For our second example of burnout prevention we selected a well-known multinational company, Microsoft Corporation, as we wanted to highlight some of the innovative approaches that can be adopted to prevent burnout, by agencies with considerable financial resources, which could provide some models for non-profits as well.
Microsoft Corporation has been accused of causing employee burnout since the 1980s. A 1989 article, entitled Inside Microsoft-A ‘Velvet Sweatshop or a High-Tech Heaven?, discusses the rise of burnout due to the need to assimilate an epidemic of data and information. This led employees at Microsoft to work evenings and weekends, which became an implicit requirement, with very few people taking compensatory time off, because there was always too much to do.
Microsoft has strived to address these concerns, by developing strategies to reduce stress on the employees. One of them has been employee development, especially at the senior level, by ensuring senior leadership commitment to developing people and managers continuing engagement in the process.
At the same time, Microsoft offers a Sabbatical Policy, stating that if you are a dedicated employee at the company, having put in work equivalent to 10 years, you are allowed to a paid eight weeks sabbatical from work. It also provides a two week off to new fathers to spend time with their children, adoption and surrogacy assistance, maternity and childcare subsidy, which makes them a family-friendly company. There is a lot of flexibility in the work hours, allowing people to come in the office when they feel most productive.
Microsoft provides a great network of support systems, which can be crucial in preventing burnout. One example are mentoring programs, which can allowing their staff to learn other professional’s experiences without and outside one’s own area of expertise and create a network to promote personal and career development. Another would be employee resource groups, networks and social groups, enabling people that have similar interests or backgrounds to connect with each other, making the Microsoft experience rich and fulfilling.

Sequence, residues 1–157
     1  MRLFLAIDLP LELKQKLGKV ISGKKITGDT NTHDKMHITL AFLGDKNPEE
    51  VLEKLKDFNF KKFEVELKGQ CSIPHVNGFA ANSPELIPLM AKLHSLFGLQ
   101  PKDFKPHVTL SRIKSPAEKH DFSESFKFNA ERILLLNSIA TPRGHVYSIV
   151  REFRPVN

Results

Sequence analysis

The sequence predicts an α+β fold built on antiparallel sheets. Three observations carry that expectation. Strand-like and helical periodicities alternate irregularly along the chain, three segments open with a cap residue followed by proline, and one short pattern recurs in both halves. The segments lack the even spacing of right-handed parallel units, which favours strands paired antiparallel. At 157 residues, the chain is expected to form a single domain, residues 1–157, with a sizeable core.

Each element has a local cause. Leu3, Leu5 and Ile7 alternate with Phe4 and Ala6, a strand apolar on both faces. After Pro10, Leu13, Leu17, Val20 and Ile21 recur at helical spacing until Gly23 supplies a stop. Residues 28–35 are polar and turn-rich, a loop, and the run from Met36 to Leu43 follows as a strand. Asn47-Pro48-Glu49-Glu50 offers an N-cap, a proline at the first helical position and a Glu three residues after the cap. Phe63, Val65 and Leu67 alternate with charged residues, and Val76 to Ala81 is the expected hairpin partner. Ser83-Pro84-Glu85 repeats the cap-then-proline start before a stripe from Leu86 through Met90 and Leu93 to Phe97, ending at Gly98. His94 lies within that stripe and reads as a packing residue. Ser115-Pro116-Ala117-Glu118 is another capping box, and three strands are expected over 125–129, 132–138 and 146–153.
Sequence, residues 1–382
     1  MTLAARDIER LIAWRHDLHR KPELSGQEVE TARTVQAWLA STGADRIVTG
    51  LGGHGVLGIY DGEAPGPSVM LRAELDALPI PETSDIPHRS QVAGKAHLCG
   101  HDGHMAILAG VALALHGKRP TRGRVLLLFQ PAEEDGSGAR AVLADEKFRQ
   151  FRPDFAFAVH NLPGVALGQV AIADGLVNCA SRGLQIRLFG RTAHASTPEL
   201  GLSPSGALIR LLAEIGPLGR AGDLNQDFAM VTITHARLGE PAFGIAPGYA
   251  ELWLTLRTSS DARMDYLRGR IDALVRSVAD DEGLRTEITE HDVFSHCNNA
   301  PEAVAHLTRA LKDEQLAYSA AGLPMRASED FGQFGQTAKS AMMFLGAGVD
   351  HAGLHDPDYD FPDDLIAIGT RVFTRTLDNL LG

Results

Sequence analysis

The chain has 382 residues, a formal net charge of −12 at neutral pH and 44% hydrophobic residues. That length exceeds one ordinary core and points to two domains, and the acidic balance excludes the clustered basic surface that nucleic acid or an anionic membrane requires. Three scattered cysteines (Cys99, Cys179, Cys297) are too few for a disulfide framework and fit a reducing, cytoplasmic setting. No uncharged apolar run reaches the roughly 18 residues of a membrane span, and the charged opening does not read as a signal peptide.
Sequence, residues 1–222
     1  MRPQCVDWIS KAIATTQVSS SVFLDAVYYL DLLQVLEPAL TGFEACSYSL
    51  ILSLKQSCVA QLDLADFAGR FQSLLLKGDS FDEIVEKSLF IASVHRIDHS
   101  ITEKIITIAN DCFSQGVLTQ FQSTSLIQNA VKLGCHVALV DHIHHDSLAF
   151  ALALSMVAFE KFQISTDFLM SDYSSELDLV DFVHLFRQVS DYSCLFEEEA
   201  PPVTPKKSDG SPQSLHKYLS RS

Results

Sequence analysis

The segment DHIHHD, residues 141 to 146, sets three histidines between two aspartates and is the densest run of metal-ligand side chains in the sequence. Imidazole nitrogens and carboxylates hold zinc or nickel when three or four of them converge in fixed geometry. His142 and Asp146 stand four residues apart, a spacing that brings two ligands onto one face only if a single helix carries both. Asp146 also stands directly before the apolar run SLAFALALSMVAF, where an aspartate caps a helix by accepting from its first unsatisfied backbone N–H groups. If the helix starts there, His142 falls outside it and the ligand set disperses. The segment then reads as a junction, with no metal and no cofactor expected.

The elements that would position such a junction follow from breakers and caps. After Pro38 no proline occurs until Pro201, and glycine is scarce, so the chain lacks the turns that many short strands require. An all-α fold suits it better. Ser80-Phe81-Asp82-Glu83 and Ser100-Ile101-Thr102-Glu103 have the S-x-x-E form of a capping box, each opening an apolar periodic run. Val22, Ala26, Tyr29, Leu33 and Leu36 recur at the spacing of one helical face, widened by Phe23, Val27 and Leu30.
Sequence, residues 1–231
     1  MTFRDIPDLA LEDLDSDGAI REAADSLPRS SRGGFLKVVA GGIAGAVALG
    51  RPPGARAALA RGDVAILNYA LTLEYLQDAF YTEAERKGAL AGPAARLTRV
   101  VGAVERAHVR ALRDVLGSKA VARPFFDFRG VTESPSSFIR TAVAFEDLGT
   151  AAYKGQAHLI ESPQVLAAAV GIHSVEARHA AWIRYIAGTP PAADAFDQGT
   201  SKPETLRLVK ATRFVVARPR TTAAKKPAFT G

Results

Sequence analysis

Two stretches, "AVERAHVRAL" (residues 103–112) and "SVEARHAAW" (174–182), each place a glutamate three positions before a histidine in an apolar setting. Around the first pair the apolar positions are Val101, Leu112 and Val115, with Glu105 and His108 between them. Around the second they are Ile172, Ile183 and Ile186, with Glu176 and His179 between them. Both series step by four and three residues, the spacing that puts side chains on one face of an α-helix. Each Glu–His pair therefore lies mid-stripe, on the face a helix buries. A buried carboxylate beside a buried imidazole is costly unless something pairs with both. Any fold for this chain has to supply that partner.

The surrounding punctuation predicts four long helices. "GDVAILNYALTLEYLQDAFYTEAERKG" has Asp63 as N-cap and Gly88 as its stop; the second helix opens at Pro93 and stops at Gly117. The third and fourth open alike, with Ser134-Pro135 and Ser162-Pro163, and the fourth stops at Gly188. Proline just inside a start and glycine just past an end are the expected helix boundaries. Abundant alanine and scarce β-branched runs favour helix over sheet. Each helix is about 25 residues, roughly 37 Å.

In order to increase networking and open collaboration, which is part of the social support effort, Microsoft has created the concept of Hotdesking, through which it has created more casual seating work spaces, informal work meeting areas with semi-closed conference rooms and work booths.
There are many other perks that make employees feel valued by the company they are working for. For instance, volunteer and gift matching ensures that Microsoft will match up to $15,000 each year to the employees’ non-profit of choice or give $25 per hour to any agency that the staff volunteer their time for. Another great benefit is accessing substantial product discounts at the company’s stores as well as at national and nationwide, such as restaurants, car repairs, as well as artistic and sporting events.
Finally, the company focuses on the physical well-being of its employees, as a way to prevent burnout. It offers paid membership to full-service gives or borrowing sports equipment, including footballs, volleyballs and even bicycles to be enjoyed both on campus and outside of it. It also provides its employees 3-star green corporate dining options.
Despite its multifaceted efforts to set in place a system and initiatives that could prevent burnout, many employees are still struggling to cope with the intense work hours and demands of the company.